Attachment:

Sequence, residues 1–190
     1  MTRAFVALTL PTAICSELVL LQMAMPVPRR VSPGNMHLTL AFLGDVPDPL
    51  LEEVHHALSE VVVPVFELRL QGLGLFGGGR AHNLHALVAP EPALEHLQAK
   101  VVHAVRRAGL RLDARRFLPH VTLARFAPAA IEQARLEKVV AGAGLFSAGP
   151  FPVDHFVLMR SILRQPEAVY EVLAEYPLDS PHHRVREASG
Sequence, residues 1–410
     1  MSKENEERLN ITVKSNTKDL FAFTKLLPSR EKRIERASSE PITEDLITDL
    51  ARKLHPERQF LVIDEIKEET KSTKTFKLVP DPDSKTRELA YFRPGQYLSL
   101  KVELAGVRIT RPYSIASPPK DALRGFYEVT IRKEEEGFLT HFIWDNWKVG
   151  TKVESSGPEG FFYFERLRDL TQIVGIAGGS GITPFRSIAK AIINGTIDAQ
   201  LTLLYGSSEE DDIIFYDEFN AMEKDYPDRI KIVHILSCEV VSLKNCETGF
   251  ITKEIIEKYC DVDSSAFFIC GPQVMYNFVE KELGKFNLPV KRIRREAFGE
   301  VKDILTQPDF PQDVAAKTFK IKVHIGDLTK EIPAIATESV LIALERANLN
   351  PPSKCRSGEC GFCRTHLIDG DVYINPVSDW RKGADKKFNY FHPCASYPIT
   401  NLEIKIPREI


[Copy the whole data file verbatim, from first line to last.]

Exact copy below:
Sequence, residues 1–190
     1  MTRAFVALTL PTAICSELVL LQMAMPVPRR VSPGNMHLTL AFLGDVPDPL
    51  LEEVHHALSE VVVPVFELRL QGLGLFGGGR AHNLHALVAP EPALEHLQAK
   101  VVHAVRRAGL RLDARRFLPH VTLARFAPAA IEQARLEKVV AGAGLFSAGP
   151  FPVDHFVLMR SILRQPEAVY EVLAEYPLDS PHHRVREASG
Sequence, residues 1–410
     1  MSKENEERLN ITVKSNTKDL FAFTKLLPSR EKRIERASSE PITEDLITDL
    51  ARKLHPERQF LVIDEIKEET KSTKTFKLVP DPDSKTRELA YFRPGQYLSL
   101  KVELAGVRIT RPYSIASPPK DALRGFYEVT IRKEEEGFLT HFIWDNWKVG
   151  TKVESSGPEG FFYFERLRDL TQIVGIAGGS GITPFRSIAK AIINGTIDAQ
   201  LTLLYGSSEE DDIIFYDEFN AMEKDYPDRI KIVHILSCEV VSLKNCETGF
   251  ITKEIIEKYC DVDSSAFFIC GPQVMYNFVE KELGKFNLPV KRIRREAFGE
   301  VKDILTQPDF PQDVAAKTFK IKVHIGDLTK EIPAIATESV LIALERANLN
   351  PPSKCRSGEC GFCRTHLIDG DVYINPVSDW RKGADKKFNY FHPCASYPIT
   401  NLEIKIPREI